National Coalition for Haitian Rights

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The National Coalition for Haitian Rights (NCHR) "was born in New York City in February 1982 as the National Emergency Coalition for Haitian Refugees. Its founders were religious, labor, civil rights, human rights and Haitian leaders who took up the cause of Haitian refugees after the US government set aside international norms and domestic legal protections in order to deny Haitian asylum-seekers the protection they sought from the US after fleeing the Jean-Claude Duvalier dictatorship. Leaders of the NCHR at the time included:

  • Father Antoine Adrien, leader of the Haitian Fathers, a group of priests exiled by the Duvaliers in 1969 who were ministering to the Haitian community in NY.
  • Anthony Cardinal Bevilacqua, at the time Bishop of the Brooklyn Archdiocese and Chairman of the US Catholic Conference Bishops’ Committee on Migration
  • Bayard Rustin, a key aide to the Rev. Martin Luther King and widely acknowledged as a master strategist of the civil rights movement.
  • Ira Gollobin, a renowned civil rights and immigration lawyer
  • Michael Posner, Executive Director of the Lawyers Committee for Human Rights (now known as Human Rights First)
  • Vernon Jordan, then Executive Director of the National Urban League
  • Rev. Benjamin Hooks, then President of the National Association for the Advancement of Colored People (NAACP),
  • Rep. Shirley Chisholm
  • Bishop Paul Moore of the Episcopal Church in NY
  • Lane Kirkland, President of the AFL-CIO

Within six months, they rechristened NCHR the National Coalition for Haitian Refugees, and hired Michael S. Hooper as Executive Director." [1]

In March 2005, Antony Fenton said that "Documents recently obtained from the Canadian International Development Agency (CIDA) show that, with exclusivity, organizations that are ideologically opposed to Aristide and Lavalas are receiving Canadian government funding. The list includes the likes of ENFOFANM, SOFA, Kay Fanm, GARR, CRESFED, PAJ, POHDH/SAKS, and the Haiti branch of the National Coalition for Haitian Rights (NCHR)." [2]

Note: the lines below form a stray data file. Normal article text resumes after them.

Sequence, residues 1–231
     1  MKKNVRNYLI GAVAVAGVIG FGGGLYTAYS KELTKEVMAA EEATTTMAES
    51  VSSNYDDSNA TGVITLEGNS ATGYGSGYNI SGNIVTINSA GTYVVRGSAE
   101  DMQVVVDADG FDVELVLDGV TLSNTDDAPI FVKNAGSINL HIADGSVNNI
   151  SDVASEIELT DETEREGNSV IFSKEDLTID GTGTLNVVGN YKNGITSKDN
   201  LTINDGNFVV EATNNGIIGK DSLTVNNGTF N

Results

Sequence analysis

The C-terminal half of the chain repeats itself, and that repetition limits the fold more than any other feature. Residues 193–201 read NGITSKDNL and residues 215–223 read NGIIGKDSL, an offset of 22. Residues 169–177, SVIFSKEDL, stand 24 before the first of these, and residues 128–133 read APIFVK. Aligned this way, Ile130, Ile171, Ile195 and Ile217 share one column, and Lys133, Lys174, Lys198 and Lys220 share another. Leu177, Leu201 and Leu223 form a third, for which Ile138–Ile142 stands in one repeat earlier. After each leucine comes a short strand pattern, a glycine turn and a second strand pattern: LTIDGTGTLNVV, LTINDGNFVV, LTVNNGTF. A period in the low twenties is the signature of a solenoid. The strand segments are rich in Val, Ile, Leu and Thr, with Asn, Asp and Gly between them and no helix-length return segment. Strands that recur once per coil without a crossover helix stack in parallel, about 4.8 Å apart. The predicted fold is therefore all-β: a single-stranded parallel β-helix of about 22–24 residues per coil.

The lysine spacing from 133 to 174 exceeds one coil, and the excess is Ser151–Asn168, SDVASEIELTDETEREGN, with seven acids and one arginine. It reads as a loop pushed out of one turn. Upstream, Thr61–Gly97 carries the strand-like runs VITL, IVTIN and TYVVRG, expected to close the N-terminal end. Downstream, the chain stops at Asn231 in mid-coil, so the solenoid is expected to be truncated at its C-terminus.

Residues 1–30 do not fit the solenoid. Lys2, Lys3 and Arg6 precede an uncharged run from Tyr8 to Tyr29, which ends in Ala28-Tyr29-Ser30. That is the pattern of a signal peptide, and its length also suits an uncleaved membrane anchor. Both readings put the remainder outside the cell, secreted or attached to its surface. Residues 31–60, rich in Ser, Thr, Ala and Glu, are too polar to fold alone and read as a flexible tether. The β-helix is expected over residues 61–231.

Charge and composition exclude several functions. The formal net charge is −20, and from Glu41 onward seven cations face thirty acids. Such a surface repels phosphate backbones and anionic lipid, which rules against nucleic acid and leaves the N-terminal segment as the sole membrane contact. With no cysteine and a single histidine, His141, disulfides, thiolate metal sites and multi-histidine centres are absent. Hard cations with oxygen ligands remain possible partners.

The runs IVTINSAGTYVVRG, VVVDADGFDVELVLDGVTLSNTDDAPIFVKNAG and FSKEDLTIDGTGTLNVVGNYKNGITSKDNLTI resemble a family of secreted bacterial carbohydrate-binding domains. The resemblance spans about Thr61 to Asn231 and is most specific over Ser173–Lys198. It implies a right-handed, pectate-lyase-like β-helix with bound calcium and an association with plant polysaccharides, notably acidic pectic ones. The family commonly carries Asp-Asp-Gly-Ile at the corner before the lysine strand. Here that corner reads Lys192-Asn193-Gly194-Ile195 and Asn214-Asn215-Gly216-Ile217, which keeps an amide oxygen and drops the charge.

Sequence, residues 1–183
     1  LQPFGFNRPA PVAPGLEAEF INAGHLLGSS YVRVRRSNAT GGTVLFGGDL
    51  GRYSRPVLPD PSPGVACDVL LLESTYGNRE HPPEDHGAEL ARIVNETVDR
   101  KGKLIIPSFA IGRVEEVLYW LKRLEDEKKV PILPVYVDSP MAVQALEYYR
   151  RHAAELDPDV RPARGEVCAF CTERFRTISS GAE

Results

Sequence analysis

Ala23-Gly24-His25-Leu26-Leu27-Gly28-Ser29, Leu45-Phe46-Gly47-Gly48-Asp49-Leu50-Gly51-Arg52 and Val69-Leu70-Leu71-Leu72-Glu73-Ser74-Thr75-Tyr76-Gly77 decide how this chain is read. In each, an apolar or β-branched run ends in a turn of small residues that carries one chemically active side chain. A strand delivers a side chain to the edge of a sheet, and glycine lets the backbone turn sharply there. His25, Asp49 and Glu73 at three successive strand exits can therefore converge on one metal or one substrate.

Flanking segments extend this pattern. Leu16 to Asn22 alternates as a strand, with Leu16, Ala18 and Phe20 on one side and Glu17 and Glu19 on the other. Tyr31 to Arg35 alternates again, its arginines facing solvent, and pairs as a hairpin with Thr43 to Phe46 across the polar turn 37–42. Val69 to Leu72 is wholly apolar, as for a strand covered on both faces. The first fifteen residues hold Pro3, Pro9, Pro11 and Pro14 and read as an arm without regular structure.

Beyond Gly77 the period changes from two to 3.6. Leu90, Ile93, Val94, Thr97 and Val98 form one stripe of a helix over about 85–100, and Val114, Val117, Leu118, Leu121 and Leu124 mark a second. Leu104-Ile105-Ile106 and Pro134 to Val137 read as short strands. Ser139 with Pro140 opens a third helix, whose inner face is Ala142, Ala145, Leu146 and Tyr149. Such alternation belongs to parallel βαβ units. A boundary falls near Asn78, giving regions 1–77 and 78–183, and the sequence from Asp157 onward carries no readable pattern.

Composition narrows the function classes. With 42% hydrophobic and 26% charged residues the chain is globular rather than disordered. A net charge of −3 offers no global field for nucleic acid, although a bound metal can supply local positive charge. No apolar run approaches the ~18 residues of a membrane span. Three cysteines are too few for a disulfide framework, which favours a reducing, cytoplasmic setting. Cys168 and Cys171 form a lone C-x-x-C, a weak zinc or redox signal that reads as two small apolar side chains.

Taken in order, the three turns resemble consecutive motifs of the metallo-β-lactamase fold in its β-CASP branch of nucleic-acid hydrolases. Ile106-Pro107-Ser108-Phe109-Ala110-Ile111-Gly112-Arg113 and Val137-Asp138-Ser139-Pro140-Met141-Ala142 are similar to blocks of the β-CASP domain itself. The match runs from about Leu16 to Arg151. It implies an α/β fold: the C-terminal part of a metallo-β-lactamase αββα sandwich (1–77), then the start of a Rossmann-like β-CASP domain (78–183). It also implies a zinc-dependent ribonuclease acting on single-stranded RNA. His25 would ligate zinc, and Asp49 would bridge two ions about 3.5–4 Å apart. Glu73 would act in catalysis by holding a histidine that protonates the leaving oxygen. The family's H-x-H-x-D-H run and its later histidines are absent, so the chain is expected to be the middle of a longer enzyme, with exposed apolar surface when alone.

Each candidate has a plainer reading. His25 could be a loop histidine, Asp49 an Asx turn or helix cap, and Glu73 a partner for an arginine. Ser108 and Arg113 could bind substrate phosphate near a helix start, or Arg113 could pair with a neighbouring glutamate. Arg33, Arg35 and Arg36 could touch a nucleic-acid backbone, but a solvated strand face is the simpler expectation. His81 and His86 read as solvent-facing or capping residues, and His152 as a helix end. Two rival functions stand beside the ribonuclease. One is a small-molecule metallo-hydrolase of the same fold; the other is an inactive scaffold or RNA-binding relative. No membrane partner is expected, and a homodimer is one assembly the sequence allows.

Writing in June 2005, Kevin Skerrett noted that "the National Coalition for Haitian Rights-Haiti (NCHR-Haiti), a group that enjoys significant financial support from the Canadian and US governments." [3]

Writing in 2004 for Counterpunch Tom Reeves observes that:

"Although they were the only human rights group in the country adequately funded and having trained monitors throughout Haiti, the NCHR became completely partisan: anti--Lavalas, anti--Aristide. This is simply not proper for a group calling itself a "Haitian Rights" organization. During the final month before the coup, they abandoned any pretext of impartiality, joining calls for the ouster of Aristide, without reference to the means. After Feb. 29, they continue to site abuses by "chimere," whom they call simply "Aristide gangs," without documenting the connections. Though they told our group they had "heard about" violence against unarmed Lavalas, including the possible complicity of U.S. marines in the Bel Air incident, the NCHR said they "lacked access" to the pro--Lavalas shanty--towns. Of course they lacked access: they lacked any shred of credibility as a human rights monitor...
"International human rights organizations, especially Human Rights Watch and Journalists Without Borders, and to a lesser extent Amnesty International, have taken the NCHR reports uncritically and failed to develop other impartial human rights contacts in Haiti. Progressive funders like Grassroots International and NGOs in Canada, the US and Europe also listened uncritically to their "partners" and funded groups in Haiti like PAPDA, SOFA, Batay Ouvriye and MPP." [1]

Staff

Source

Board of Directors

Accessed August 2007: [2]

Contact

Website: http://www.nchr.org

Articles and resources

Related SourceWatch articles

References

  1. Tom Reeves, "The American Learning Zone: Return to Haiti", Counterpunch, April 14, 2004.
  2. Board of Directors, National Coalition for Haitian Rights, accessed August 24, 2007.

External resources

External articles